The Franciscan church of Santa Croce might date back to the end of the 13th century, but its marble façade was only added in the middle of the 19th century (1857-63).
It was designed by Niccolò Matas (1798-1872), an Jewish architect from Ancona, and largely financed by Francis Joseph Sloane (1794-1871), a Scottish benefactor, who made his fortune from mining.
The marble bas-reliefs above the three doors depict the Invention of the True Cross by Tito Sarrocchi, the Triumph of the Cross by Giovanni Dupre and the Vision of Constantine by Emilio Zocchi.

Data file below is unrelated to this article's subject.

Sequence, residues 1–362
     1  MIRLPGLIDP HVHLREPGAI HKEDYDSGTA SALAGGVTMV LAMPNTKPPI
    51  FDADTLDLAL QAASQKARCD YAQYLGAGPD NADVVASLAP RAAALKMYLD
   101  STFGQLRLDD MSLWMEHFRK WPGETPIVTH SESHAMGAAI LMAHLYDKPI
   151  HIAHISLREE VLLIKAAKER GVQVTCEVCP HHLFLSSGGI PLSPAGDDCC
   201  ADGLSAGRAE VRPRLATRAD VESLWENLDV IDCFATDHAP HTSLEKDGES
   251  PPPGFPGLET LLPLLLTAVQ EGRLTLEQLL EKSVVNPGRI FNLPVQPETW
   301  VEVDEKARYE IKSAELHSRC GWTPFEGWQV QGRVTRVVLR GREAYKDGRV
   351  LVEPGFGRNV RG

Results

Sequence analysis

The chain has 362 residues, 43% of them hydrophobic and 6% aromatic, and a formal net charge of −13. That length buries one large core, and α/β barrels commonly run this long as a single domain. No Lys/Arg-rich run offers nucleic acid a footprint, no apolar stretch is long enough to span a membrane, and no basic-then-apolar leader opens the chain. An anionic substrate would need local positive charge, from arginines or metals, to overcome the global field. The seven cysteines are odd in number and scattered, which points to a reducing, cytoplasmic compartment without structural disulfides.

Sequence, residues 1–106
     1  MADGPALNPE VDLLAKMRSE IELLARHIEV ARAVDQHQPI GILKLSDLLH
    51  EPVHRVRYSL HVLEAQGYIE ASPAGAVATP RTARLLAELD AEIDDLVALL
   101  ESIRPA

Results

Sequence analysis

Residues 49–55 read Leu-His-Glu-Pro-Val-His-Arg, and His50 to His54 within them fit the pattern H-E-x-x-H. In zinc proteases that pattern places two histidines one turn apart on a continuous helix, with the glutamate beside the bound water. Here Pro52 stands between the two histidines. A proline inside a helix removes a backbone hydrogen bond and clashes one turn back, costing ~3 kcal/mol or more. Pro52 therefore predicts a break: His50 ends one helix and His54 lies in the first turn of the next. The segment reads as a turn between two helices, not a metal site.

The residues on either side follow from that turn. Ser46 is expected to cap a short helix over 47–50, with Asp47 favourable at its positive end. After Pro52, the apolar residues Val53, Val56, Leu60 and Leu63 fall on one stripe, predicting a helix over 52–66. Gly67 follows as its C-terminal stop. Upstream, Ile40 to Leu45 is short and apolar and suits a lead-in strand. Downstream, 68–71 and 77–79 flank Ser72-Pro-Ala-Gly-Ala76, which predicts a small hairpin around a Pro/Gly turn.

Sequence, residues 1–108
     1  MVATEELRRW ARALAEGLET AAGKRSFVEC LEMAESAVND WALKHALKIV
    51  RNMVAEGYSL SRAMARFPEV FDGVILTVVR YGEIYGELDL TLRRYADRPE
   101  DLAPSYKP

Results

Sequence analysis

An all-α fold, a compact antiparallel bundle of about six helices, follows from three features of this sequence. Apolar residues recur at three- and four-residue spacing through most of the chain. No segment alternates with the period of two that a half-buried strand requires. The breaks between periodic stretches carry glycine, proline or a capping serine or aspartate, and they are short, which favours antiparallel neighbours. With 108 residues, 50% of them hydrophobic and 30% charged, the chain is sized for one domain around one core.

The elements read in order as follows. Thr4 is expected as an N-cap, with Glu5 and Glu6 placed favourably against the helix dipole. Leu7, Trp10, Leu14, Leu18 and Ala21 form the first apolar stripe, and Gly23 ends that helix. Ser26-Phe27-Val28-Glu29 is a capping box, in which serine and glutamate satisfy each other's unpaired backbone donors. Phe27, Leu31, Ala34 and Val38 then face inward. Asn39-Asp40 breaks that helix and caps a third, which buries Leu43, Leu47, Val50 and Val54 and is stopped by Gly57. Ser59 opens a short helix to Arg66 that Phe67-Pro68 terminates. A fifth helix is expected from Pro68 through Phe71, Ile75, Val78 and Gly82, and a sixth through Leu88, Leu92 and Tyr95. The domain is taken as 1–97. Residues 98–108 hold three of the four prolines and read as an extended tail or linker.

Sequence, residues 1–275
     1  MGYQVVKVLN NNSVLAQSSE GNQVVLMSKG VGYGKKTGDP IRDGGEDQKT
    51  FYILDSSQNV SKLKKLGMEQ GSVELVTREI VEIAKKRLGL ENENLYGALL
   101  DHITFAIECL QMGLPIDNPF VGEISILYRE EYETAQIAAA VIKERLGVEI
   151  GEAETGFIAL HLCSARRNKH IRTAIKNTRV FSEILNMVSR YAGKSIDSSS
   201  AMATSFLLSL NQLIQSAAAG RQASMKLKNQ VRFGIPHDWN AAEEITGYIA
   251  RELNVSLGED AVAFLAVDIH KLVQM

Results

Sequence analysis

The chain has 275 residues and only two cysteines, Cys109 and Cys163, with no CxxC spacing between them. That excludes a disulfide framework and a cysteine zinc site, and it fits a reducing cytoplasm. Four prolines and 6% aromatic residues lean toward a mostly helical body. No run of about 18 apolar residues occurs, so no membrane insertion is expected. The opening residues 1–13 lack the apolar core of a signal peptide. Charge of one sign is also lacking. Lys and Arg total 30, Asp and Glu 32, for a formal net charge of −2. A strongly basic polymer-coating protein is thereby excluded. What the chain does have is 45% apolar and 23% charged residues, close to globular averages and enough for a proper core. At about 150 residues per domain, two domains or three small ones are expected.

The name of the architect (and the date the facade was inaugurated) can also be seen high up on the right side of the church.
Although Matas was granted the right to be buried in Santa Croce, he chose to be interred outside the main door of the church, for the 'facade of this temple was a monument to its maker' (la facciata di questo tempio fosse monumento all' artefice), as we read on his gravestone.
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